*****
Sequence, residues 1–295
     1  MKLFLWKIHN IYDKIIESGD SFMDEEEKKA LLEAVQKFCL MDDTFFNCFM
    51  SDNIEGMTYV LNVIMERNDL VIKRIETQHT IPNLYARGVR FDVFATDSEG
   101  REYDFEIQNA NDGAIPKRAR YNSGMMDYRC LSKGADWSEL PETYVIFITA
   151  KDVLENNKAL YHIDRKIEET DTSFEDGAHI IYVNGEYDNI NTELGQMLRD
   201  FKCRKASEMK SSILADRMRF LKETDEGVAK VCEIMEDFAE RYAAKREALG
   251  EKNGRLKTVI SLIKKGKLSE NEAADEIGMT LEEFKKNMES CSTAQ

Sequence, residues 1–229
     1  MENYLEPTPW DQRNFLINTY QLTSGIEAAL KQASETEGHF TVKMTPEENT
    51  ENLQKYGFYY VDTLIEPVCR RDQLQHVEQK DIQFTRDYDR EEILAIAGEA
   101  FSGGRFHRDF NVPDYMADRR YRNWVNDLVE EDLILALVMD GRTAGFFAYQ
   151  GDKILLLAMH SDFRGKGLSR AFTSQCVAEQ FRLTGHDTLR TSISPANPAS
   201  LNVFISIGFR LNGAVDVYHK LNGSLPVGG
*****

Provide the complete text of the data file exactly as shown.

Sequence, residues 1–295
     1  MKLFLWKIHN IYDKIIESGD SFMDEEEKKA LLEAVQKFCL MDDTFFNCFM
    51  SDNIEGMTYV LNVIMERNDL VIKRIETQHT IPNLYARGVR FDVFATDSEG
   101  REYDFEIQNA NDGAIPKRAR YNSGMMDYRC LSKGADWSEL PETYVIFITA
   151  KDVLENNKAL YHIDRKIEET DTSFEDGAHI IYVNGEYDNI NTELGQMLRD
   201  FKCRKASEMK SSILADRMRF LKETDEGVAK VCEIMEDFAE RYAAKREALG
   251  EKNGRLKTVI SLIKKGKLSE NEAADEIGMT LEEFKKNMES CSTAQ

Sequence, residues 1–229
     1  MENYLEPTPW DQRNFLINTY QLTSGIEAAL KQASETEGHF TVKMTPEENT
    51  ENLQKYGFYY VDTLIEPVCR RDQLQHVEQK DIQFTRDYDR EEILAIAGEA
   101  FSGGRFHRDF NVPDYMADRR YRNWVNDLVE EDLILALVMD GRTAGFFAYQ
   151  GDKILLLAMH SDFRGKGLSR AFTSQCVAEQ FRLTGHDTLR TSISPANPAS
   201  LNVFISIGFR LNGAVDVYHK LNGSLPVGG